Equation 4.25 PFC emissions (Tier 1 method)


ECF4 = emissions of CF4 from aluminium production, kg CF4

EC2f6 = emissions of C2F6 from aluminium production, kg C2F6

EFCF4 l = default emission factor by cell technology type i for CF4, kg CF4/tonne Al

EFC2F6 l = default emission factor by cell technology type i for C2F6, kg C2F6/tonne Al

MPj = metal production by cell technology type i, tonnes Al

Tier 2 and Tier 3 methods: based on anode effect performance

There are two different equations for estimating individual plant CF4 emissions, which are both based on the relationship between anode effect and performance. These are the slope and overvoltage coefficient equations. Both types of coefficients are based on direct measurements of PFCs. Tier 2 makes use of an average coefficient from measurements at numerous facilities while Tier 3 is based on measurements at the individual facility. Because the process mechanisms that produce PFC emissions are similar for CF4 and C2F6, the two gases should be considered together when estimating PFC emissions. C2F6 emissions are calculated in all the methods described herein as a fraction of CF4 emissions.

With an established relationship between anode effect process data and PFC emissions, process data collected on an on-going basis can be used to calculate PFC emissions in lieu of direct measurement of PFCs. The choice between the two estimation relationships depends on the process control technology in use. Equation 4.26 should be used when anode effect minutes per cell day are recorded and Equation 4.27 should be used when overvoltage data are recorded.

Slope Coefficient: The slope coefficient represents the kg of CF4 per tonne of aluminium produced, divided by anode effect minutes per cell-day9. Since PFC emissions are measured per tonne of aluminium produced, it includes the effects of cell amperage and current efficiency, the two main factors determining the amount of aluminium produced in the cell. Equation 4.26 describes the slope method for both CF4 and C2F6.

Equation 4.26



ECF4 = emissions of CF4 from aluminium production, kg CF4

EC2F6 = emissions of C2F6 from aluminium production, kg C2F6

SCF4 = slope coefficient for CF4, (kg CF4/tonne Al)/(AE-Mins/cell-day)

AEM = anode effect minutes per cell-day, AE-Mins/cell-day

MP = metal production, tonnes Al

FC2F6/CF4 = weight fraction of C2F6/CF4, kg C2F6/kg CF4

9 The term 'cell-day' refers to the number of cells operating multiplied by the number of days of operation.

Overvoltage Coefficient: Some process control systems characterize anode effects by calculating an Anode Effect Overvoltage10 (AEO) statistic. AEO is defined as the extra cell voltage above the target operating voltage, and this parameter has been shown to be a good predictor of PFC emissions when recorded by the process control system. The AEO process control technology is in use at many modern smelters. AEO is calculated by summing the product of time and voltage above the target operating voltage and dividing this figure by the time over which data were collected.

Pfc Product Statistic


ECF4 = emissions of CF4 from aluminium production, kg CF4 EC2F6 = emissions of C2F6 from aluminium production, kg C2F6 OVC = Overvoltage coefficient for CF4, (kg CF4/tonne Al)/mV AEO = anode effect overvoltage, mV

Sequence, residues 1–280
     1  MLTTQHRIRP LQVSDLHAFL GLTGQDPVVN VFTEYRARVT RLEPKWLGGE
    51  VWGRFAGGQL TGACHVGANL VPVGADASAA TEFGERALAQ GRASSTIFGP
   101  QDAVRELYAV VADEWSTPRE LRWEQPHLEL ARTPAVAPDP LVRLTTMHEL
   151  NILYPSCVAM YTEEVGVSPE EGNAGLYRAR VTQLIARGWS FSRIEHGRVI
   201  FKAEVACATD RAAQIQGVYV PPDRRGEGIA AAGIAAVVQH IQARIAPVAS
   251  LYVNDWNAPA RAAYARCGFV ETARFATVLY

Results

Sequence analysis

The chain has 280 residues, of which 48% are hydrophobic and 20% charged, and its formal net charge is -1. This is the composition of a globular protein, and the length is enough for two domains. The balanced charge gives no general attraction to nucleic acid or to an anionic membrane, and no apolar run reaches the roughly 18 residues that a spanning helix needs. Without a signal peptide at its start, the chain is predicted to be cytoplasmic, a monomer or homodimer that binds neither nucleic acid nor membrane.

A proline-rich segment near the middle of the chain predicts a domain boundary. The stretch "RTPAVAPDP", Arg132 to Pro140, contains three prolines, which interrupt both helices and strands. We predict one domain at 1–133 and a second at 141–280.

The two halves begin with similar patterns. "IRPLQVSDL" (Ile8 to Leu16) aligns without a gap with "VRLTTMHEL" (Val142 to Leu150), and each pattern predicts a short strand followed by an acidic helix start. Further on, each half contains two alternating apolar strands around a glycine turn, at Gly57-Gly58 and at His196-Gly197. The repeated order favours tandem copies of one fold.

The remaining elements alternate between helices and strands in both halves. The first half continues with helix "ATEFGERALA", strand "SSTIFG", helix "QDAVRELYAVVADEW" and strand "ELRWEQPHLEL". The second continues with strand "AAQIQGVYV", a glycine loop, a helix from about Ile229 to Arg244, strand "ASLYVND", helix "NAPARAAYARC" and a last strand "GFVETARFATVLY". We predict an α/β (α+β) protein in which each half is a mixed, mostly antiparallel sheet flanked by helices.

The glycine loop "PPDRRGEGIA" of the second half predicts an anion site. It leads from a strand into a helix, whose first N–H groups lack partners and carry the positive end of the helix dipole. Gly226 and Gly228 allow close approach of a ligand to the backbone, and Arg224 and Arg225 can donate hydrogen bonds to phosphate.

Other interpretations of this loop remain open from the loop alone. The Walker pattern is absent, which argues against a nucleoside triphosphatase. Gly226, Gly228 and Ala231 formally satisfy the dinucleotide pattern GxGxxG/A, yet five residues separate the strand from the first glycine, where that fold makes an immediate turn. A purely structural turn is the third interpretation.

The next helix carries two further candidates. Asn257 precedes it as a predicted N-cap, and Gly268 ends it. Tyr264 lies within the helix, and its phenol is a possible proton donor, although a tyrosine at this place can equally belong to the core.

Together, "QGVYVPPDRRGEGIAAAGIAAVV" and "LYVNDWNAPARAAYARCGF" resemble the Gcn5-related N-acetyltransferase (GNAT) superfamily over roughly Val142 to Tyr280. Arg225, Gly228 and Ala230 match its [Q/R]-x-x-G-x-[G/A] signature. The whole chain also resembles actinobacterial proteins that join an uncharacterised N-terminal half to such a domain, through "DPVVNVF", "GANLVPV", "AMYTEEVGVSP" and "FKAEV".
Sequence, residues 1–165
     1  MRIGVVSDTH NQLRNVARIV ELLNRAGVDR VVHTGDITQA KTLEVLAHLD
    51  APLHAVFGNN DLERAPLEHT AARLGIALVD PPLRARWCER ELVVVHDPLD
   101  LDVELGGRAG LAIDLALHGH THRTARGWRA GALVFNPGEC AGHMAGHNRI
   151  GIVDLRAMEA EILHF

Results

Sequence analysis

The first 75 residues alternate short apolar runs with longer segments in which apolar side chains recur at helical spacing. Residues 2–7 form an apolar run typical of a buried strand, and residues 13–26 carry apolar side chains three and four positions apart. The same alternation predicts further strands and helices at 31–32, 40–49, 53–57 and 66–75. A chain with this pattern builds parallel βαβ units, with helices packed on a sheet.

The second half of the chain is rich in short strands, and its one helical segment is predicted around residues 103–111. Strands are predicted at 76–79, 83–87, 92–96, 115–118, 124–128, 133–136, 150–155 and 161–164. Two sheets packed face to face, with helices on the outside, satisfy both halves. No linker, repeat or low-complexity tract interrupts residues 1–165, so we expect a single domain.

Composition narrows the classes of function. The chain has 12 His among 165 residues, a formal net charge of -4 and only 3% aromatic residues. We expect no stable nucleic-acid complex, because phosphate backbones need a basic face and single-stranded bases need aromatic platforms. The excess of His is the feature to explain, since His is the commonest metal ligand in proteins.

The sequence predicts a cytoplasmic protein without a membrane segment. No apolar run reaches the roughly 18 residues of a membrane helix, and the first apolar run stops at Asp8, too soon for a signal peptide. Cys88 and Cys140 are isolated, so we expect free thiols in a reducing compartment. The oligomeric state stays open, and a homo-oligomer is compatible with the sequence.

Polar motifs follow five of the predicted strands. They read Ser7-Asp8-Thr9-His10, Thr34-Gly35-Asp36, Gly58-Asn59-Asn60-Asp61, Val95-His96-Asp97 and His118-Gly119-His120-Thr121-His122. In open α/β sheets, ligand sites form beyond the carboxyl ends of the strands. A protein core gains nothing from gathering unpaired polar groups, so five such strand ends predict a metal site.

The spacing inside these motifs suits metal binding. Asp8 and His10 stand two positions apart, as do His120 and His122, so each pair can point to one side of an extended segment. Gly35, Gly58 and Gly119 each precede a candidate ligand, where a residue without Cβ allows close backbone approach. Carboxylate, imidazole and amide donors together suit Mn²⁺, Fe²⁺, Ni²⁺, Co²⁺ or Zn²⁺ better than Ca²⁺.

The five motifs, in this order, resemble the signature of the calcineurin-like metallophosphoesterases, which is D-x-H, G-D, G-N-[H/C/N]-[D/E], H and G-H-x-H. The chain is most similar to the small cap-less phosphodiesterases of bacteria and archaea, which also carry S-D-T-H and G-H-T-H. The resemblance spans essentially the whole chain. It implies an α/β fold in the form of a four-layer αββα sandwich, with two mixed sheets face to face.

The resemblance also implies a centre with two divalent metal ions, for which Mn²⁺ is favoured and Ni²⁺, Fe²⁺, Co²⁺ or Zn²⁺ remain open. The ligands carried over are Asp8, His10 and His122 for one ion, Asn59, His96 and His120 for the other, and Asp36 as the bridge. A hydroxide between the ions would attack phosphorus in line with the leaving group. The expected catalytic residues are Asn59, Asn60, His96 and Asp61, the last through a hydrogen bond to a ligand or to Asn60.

CE = aluminium production process current efficiency expressed, percent (e.g., 95 percent) MP = metal production, tonnes Al F C2F6/CF4 = weight fraction of C2F6/CF4, kg C2F6/kg CF4

10 Computer control systems report either 'positive' or 'algebraic' overvoltage depending on the version of software used. Use of the expression 'overvoltage' should not be confused with the classical electrochemical terminology, which usually means the extra voltage needed for an electrochemical reaction to occur.

Figure 4.12 Decision tree for calculation of PFC emissions from primary aluminium production

Figure 4.12 Decision tree for calculation of PFC emissions from primary aluminium production

Policy Factors


1. High performing facilities emit so little PFCs that no significant improvement can be expected in the overall facility GHG inventory by using the Tier 3 method rather than the Tier 2 method. High performing facilities are defined, based on what process data are collected, as those that operate with less than 0.2 anode effect minutes per cell day, or, less than 1.4 mV overvoltage. In such facilities the improvement in accuracy in facility GHG inventory is less than 5% when moving from Tier 2 to Tier 3 methods for PFCs.

2. Good practices for obtaining facility specific PFC equation coefficients are detailed in the IAI GHG Protocol (IAI, 2005).

3. In this case, Tier 2 method should be used until site-specific Tier 3 coefficients become available and the Tier 3 method employed unless PFC emissions become immaterial, in which case facilities can choose to use either the Tier 2 or Tier 3 method.

4. See Volume 1 Chapter 4, Methodological Choice and Identification of Key Categories (noting Section 4.1.2 on limited resources), for discussion of key categories and use of decision trees.

5. For key categories, it is good practice to collect anode effect process data and production activity data at the individual production facility level.

6. Primary aluminium facilities regularly record activity data including metal production and anode effect process data facilitating, at a minimum, Tier 2 calculation method. Errors of magnitude of x10 can result from use of Tier 1 methods for PFCs.